God's categories: The effect of religiosity on children's teleological and essentialist beliefs about categories

Gil Diesendruck, Lital Haber

Research output: Contribution to journalArticlepeer-review

54 Scopus citations

Abstract

Creationism implies that God imbued each category with a unique nature and purpose. These implications closely correspond to what some cognitive psychologists define as an essentialistic and teleological stance towards categories. This study assessed to what extent the belief in God as creator of categories is related to the mappings of these stances to categories in different domains. Israeli secular and orthodox Jewish 1st and 5th graders responded to questions assessing these three types of beliefs. The results revealed that secular children did not differ from orthodox children with respect to their essentialist beliefs about the stability of animal category membership, and their teleological construal of artifacts. In turn, secular children did differ from orthodox children with respect to their essentialist beliefs about the stability of social category membership, and their teleological construal of both animal and social categories. These findings intimate that while essentialist beliefs about animals, and teleological beliefs about artifacts do not require cultural input in order to emerge, essentialist beliefs about social categories, and teleological beliefs about both animal and social categories do.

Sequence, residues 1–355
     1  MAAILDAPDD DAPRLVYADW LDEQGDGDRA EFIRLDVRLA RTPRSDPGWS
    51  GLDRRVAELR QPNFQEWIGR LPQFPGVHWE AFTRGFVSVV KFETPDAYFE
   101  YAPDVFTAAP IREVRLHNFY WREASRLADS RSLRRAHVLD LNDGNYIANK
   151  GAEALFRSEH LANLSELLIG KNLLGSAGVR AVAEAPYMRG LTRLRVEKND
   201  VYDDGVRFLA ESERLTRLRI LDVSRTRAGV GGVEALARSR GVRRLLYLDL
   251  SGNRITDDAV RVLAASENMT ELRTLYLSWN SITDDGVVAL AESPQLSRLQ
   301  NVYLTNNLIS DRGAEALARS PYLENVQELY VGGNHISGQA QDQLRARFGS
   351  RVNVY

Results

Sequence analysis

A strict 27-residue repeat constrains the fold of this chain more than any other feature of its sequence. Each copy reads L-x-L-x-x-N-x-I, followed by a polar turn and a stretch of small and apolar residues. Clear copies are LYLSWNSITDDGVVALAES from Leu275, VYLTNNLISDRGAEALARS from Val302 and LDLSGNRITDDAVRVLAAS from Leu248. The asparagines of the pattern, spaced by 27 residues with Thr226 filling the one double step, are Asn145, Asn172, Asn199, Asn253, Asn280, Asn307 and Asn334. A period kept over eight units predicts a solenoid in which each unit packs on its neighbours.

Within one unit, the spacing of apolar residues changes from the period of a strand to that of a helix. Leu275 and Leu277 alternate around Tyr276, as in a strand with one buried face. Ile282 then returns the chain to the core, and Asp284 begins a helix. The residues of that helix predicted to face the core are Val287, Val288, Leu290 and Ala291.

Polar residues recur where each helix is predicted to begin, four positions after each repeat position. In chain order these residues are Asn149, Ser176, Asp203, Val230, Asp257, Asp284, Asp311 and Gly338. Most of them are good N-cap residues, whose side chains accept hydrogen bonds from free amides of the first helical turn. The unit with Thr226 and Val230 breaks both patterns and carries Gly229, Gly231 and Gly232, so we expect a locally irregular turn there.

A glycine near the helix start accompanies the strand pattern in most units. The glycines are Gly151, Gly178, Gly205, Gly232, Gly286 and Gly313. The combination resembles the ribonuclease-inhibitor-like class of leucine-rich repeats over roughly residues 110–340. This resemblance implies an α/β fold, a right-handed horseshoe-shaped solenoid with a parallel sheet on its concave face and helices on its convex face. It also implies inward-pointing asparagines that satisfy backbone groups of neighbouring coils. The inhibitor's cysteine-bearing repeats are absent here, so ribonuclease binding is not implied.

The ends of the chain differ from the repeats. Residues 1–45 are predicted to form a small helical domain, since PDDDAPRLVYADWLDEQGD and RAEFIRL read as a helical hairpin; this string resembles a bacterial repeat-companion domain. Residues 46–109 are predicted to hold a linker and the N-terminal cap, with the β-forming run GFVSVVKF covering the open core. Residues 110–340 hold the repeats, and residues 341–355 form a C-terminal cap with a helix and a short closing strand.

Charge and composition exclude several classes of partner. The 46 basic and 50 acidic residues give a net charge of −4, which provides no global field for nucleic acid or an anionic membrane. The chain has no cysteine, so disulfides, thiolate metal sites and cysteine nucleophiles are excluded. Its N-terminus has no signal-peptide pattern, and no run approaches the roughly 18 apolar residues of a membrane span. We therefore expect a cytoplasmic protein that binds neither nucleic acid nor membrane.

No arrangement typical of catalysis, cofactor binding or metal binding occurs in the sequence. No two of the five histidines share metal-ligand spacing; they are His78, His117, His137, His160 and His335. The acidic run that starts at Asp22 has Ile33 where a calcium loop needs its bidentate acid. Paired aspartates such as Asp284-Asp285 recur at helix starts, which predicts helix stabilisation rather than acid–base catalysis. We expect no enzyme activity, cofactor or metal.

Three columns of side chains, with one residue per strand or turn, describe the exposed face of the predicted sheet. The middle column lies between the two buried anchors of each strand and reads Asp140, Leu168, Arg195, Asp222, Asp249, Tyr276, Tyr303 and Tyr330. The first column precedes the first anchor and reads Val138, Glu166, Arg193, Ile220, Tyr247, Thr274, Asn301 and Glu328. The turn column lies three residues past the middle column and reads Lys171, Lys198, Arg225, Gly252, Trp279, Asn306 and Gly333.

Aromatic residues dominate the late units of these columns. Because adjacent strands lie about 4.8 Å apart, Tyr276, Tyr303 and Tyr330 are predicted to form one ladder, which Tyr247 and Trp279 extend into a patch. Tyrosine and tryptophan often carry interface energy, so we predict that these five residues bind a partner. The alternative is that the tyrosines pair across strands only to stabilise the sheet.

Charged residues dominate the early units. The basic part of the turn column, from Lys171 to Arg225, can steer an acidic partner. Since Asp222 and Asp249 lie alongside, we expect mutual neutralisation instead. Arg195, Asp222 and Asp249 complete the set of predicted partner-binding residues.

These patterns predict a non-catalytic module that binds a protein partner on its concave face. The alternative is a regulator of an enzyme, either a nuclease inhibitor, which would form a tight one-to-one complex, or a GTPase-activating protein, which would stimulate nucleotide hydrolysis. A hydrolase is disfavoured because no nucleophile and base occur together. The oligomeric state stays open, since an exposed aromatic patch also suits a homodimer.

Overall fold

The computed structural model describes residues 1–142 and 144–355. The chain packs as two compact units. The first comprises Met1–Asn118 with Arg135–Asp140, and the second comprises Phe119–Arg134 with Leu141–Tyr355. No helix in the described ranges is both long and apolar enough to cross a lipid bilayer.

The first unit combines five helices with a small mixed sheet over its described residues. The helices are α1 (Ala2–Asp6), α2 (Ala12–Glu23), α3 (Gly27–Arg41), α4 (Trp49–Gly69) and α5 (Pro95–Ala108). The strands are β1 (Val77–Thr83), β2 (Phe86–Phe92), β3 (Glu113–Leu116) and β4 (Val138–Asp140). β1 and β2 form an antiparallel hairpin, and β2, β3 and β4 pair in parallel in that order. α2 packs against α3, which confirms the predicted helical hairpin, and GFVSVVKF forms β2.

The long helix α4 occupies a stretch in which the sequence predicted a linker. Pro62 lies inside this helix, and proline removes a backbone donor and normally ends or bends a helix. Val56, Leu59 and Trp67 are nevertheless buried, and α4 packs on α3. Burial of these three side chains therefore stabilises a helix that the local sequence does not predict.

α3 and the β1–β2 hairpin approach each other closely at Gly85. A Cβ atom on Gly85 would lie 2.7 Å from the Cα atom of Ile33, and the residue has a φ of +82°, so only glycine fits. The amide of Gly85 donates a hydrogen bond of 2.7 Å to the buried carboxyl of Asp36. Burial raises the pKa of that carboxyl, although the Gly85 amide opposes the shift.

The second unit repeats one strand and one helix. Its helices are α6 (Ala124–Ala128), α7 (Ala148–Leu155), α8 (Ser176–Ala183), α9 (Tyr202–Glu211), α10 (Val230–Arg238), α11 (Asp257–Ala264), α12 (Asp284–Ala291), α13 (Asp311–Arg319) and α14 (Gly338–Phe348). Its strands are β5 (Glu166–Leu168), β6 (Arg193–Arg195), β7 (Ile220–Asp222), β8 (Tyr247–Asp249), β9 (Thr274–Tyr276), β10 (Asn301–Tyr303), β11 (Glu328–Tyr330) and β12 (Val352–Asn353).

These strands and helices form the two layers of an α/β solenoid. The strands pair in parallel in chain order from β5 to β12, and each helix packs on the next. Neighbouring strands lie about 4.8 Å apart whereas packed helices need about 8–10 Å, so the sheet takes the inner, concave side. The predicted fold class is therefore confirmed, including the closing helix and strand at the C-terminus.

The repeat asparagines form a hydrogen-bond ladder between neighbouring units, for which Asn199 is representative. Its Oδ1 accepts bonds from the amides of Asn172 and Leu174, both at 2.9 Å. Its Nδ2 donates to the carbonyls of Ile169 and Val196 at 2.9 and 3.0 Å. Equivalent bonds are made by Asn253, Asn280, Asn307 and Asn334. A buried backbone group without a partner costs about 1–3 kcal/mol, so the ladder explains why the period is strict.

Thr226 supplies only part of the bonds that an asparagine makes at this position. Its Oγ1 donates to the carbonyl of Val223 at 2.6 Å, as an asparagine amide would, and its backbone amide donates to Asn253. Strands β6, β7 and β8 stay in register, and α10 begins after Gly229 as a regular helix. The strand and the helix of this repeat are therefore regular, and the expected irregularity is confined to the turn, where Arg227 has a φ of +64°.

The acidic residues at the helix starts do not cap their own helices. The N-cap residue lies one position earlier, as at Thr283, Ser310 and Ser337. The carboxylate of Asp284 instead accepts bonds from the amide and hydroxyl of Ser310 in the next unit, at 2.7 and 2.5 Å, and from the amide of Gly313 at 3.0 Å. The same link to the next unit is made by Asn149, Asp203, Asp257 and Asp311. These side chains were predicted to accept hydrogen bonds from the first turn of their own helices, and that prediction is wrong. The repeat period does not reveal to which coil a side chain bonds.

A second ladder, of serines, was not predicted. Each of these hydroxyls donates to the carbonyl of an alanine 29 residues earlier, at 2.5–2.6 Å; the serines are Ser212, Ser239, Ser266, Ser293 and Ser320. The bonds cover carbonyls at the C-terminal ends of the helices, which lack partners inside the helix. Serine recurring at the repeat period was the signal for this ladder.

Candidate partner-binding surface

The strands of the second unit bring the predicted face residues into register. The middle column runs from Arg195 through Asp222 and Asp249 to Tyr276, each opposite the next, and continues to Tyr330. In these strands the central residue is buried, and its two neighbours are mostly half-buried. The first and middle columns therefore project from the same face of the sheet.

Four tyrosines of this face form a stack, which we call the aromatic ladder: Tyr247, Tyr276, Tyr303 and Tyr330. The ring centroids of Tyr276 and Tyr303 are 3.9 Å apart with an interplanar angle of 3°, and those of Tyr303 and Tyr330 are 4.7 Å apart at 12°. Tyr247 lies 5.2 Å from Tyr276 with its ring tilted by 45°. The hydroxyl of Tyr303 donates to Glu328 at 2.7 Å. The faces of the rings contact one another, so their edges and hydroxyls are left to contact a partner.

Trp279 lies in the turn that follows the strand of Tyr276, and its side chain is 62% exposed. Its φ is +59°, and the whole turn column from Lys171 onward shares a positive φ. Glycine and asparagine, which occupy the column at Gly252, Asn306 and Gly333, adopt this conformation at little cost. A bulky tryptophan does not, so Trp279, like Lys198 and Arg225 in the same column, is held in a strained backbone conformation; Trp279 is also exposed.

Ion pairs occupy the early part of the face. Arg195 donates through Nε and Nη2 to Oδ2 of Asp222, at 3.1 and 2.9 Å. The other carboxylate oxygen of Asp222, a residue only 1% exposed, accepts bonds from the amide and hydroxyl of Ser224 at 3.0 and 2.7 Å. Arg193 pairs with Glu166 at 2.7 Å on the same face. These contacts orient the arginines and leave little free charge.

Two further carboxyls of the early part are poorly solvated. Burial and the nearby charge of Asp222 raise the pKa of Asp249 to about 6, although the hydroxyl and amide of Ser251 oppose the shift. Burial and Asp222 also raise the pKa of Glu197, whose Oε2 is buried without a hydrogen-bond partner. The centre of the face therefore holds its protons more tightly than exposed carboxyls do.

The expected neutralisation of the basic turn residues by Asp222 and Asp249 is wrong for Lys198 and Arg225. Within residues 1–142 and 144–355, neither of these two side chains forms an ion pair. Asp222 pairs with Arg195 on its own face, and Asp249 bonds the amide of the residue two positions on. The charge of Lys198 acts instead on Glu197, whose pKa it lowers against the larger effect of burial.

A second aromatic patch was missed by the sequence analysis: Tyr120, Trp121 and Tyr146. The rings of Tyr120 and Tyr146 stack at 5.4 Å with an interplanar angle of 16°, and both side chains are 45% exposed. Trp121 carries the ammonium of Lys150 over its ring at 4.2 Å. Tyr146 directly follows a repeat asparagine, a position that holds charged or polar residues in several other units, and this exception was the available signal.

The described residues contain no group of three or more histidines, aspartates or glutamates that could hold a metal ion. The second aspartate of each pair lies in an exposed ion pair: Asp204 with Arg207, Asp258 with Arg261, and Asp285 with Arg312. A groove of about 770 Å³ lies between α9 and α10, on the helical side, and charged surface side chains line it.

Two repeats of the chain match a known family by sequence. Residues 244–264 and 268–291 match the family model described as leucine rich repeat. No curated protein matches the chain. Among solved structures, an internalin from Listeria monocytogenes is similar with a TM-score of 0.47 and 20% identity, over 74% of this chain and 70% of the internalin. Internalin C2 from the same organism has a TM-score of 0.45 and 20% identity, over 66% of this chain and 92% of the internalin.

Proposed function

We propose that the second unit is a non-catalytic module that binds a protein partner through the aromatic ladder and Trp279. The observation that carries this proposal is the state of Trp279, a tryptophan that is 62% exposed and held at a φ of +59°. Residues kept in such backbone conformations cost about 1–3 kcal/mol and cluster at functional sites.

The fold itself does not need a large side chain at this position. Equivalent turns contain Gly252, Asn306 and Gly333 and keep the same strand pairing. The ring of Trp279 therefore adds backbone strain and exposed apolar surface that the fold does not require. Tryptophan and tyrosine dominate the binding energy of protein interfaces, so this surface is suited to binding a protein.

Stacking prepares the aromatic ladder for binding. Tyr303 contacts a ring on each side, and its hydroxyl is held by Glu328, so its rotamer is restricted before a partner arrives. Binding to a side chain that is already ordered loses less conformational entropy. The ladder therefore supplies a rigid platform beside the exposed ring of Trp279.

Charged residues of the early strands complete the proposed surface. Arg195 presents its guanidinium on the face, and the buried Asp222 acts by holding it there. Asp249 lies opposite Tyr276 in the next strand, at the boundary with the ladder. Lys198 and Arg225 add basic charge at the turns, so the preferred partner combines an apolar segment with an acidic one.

Original languageEnglish
Pages (from-to)100-114
Number of pages15
JournalCognition
Volume110
Issue number1
DOIs
StatePublished - Jan 2009

Keywords

  • Categories
  • Culture
  • Development
  • Domains
  • Essentialism
  • Teleology

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